To identify the role of Keap1 in the radiosensitivity of HNSCC cells, we conducted a series of experiments exploring cytotoxicity and clonogenic survival, as well as DNA repair and autophagy upon Keap1 pharmacological inhibition. We identified Keap1 as critical determinant of cellular radiosensitivity and NHEJ-mediated DSB repair. Moreover, our data suggest autophagy to be induced in HNSCC cells when X-ray irradiation and Keap1 inhibition are applied simultaneously.
Keap1 is overexpressed in head and neck cancers and its inhibition reduces clonogenic survival of HNSCC cells
A previously published whole-exome sequencing in a panel of HNSCC cell lines revealed a high mutational rate of the KEAP1 gene putatively resulting in alterations in protein characteristics4. Moreover, Keap1 was identified in a high-throughput screen in HNSCC cells as novel target critically involved in radioresistance and DNA repair processes22. In line with published data, we here corroborate Keap1 mRNA overexpression profiles in tumor versus corresponding normal tissues across multiple head and neck cancer databases (Pyeon Multi-Cancer, Giordano Thyroid, and FriersonHF Salivary-gland) using the OncomineTM platform23 (https://www.oncomine.org) (Fig. 1A).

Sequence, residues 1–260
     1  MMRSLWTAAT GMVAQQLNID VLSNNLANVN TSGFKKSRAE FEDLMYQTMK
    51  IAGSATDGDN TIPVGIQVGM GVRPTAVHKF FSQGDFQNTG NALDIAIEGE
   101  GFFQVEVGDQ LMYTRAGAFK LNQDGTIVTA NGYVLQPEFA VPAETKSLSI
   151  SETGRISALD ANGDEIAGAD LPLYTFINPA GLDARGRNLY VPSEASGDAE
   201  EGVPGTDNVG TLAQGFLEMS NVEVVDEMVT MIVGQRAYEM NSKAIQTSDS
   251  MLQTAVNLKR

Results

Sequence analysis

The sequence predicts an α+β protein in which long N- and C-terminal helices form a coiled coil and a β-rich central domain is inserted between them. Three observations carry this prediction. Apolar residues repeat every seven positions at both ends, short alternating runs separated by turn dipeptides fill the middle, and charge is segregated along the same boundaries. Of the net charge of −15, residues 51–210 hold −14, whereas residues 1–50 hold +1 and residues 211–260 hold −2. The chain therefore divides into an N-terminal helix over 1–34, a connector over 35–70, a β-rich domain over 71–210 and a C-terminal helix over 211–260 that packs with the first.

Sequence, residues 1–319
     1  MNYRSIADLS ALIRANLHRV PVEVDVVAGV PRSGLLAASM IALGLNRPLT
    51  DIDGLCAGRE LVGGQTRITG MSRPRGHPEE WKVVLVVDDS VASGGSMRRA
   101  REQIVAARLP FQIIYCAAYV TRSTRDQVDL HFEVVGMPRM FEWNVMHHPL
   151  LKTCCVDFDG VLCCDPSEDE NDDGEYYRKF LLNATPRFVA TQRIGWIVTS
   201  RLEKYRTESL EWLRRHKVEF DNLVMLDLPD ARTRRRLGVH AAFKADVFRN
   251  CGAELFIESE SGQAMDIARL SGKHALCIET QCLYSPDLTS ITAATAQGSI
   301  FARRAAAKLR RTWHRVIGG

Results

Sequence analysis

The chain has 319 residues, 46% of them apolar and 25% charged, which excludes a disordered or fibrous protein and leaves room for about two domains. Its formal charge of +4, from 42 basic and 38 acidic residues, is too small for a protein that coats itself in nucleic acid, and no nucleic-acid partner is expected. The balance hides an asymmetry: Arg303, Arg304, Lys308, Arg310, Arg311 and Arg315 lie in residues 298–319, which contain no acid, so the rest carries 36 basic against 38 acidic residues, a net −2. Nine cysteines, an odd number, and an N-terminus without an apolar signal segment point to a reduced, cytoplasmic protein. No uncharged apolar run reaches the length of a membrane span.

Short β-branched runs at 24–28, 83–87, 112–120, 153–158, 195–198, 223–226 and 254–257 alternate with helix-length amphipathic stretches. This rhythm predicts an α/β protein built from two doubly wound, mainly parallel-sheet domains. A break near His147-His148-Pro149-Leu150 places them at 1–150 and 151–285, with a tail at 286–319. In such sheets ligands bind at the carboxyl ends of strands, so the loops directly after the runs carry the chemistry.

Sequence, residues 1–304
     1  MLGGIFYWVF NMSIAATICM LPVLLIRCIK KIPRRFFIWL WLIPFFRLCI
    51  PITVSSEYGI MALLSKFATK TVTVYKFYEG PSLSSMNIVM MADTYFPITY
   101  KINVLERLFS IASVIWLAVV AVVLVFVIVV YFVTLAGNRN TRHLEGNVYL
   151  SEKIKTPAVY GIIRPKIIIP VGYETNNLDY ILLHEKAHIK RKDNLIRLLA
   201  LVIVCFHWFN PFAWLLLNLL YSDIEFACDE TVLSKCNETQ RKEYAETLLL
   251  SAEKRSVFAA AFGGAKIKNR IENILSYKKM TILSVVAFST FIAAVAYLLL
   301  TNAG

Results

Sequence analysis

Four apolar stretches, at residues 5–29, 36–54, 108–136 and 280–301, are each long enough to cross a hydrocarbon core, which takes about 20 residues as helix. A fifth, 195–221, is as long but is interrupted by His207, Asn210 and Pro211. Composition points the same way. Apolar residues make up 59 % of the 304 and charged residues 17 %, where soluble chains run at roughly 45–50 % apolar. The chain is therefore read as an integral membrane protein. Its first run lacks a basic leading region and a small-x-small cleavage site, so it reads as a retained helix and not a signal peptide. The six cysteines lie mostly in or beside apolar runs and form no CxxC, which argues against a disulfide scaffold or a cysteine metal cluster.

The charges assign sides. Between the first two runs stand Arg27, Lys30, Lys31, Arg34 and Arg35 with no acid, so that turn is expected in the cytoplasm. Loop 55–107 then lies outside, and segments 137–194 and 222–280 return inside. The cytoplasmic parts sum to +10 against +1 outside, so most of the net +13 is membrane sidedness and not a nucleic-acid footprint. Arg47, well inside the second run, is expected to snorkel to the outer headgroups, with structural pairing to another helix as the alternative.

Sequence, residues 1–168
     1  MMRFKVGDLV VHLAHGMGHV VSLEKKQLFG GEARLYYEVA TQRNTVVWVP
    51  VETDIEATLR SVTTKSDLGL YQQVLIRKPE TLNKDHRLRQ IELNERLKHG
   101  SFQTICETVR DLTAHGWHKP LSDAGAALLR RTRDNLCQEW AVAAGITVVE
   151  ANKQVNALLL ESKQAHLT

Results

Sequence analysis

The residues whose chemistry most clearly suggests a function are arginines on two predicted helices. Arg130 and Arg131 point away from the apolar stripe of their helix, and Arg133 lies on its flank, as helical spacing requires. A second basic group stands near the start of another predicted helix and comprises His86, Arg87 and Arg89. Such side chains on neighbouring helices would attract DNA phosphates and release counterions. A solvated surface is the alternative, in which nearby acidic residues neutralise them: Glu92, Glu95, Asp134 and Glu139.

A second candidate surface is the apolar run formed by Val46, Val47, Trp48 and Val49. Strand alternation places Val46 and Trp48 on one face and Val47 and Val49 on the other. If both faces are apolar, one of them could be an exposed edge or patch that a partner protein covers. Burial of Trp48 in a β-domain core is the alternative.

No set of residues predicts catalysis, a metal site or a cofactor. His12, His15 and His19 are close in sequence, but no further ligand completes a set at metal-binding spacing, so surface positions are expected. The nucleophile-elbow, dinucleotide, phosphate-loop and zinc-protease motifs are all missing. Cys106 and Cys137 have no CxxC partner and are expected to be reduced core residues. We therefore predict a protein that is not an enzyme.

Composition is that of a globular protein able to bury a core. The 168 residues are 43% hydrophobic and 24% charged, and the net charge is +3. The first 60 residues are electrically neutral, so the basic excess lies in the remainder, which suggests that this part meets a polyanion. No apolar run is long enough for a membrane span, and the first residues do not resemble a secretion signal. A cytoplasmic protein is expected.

Next, we explored the cytotoxic effects of a pharmacological Keap1 inhibition with the inhibitor ML334 in four Keap1- and Nrf2-expressing HNSCC cell lines (Fig. 1B–D). The four employed cell lines (Cal33, SAS, UTSCC14, UTSCC15) are HPV-negative, p53 mutated and all are squamous cell carcinomas originating from the tongue4,24,25. From this panel, SAS was the most sensitive cell line with the lowest EC10 and EC50, whereas Cal33 was as the most resistant cell line (Fig. 1C). Interestingly, we observed that Keap1 was similarly expressed in all the HNSCC cell lines (Fig. 1D), which is in line with the Oncomine data, while the expression level of Nrf2, a transcription factor regulated by Keap1, highly varied between the cell lines.